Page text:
Moreover, we observed a trend toward higher amounts of several cytokines in BG harvested in the ARA group compared with the RIA 2 group. The origins and interactions between molecular factors, immune cells, bone macrophages, and progenitor cells are highly complex (Additional file 1: Fig. S6), and it is pivotal to recognize that these osteoimmunomodulatory factors initiate the (bone) repair/regeneration cascade by stimulating angiogenesis, attracting, and promoting differentiation of MSCs, and enhancing ECM synthesis [100,101,102]. Although immune cell composition and ensuing cytokine pattern are not completely understood yet , there is consistent evidence that bone regeneration is enhanced by promoting the acute inflammatory response with localized pro-inflammatory stimuli [104,105,106,107]. Immediately after injury, tissues physiologically exhibit higher levels of pro-inflammatory cytokines, such as IL-1β and IL-6, to facilitate early bone formation [102, 108]. A key factor might be that macrophage-derived cytokines regulate the formation and structure of blood clots . Thus, the complex osteoimmunomodulative steps in the hematoma that surrounds the BG may be favorable or even essential for bone formation, as emphasized in recent studies observing that removal of early stage hematoma results in delayed bone healing or non-union [110, 111]. Moreover, a preserved blood clot surrounding the BG, as in the R–A method, can play a crucial role in bone regeneration by providing a fibrin scaffold that attracts MSCs to inwardly migrate, settle, and proliferate [110, 112]. However, before definitive conclusions can be drawn as to whether different amounts of pro- and anti-inflammatory cytokines in BG, collected using the new intramedullary harvesting technology including the R–A method, result in an increased capacity for bone regeneration, further in vivo studies with in-depth histological analyses are required.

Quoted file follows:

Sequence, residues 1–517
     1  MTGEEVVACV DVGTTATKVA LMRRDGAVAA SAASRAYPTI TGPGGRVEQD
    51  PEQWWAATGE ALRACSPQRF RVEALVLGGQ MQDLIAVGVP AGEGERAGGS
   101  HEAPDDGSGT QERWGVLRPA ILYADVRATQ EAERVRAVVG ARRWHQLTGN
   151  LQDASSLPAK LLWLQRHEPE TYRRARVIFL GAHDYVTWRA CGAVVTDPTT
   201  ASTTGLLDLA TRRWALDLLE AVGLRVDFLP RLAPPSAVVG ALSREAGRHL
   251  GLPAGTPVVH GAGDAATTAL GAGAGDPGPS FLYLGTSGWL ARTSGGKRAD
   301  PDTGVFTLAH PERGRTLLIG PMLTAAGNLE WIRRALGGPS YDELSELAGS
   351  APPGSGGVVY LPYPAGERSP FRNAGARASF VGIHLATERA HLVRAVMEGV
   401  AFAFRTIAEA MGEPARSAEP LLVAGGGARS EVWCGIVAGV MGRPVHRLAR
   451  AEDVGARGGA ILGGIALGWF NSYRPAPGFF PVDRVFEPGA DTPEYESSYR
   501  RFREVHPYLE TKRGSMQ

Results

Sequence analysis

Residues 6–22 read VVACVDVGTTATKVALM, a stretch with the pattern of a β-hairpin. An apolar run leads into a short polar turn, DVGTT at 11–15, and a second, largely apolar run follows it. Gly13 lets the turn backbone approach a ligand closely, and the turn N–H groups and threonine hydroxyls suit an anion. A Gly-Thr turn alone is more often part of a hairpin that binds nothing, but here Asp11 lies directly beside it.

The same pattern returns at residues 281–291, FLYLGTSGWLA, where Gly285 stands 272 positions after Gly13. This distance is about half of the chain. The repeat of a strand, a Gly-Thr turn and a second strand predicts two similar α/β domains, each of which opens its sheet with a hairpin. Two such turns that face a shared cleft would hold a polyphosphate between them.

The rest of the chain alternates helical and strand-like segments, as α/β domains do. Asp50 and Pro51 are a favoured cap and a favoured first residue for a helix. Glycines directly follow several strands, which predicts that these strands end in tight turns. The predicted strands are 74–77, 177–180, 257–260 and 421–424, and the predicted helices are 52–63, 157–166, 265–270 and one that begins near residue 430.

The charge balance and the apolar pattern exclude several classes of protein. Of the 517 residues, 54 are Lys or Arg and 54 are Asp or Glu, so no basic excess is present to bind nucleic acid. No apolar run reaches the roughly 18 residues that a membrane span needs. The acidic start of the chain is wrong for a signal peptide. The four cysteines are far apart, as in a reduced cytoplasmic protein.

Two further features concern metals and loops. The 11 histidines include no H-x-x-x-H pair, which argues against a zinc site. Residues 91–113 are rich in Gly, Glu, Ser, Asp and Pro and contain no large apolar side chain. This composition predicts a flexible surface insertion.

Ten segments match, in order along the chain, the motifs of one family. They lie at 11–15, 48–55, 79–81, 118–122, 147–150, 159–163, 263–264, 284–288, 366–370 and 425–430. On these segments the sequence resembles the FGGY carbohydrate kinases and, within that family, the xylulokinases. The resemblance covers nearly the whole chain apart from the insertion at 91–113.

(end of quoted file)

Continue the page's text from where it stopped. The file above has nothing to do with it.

Since a matrix effect during ELISA cannot be excluded, the protocol for BG digestion may be modified in subsequent studies to consider alternative methods of protein extraction and protease inhibitors (e.g., use of plasmin to break up the ECM) in addition to the use of collagenase. Furthermore, direct assessment of macrophage polarization rather than quantification of cytokines of BG harvest may be addressed in future studies, because it is relevant to assess prolonged or even chronic foreign body reaction elicited by macrophages , potentially resulting in graft integration failure . Moreover, previous studies indicate that the timely termination of inflammation is essential for a regenerative healing process . Therefore, the osteogenic capacity of the BG harvested with the novel aspirator prototype or the R–A method needs to be evaluated in controlled experimental in vivo bone formation studies in small and large animals, including interaction with biomaterials to assess the ‘‘double-edged sword’’ effect of specific inflammatory cytokines.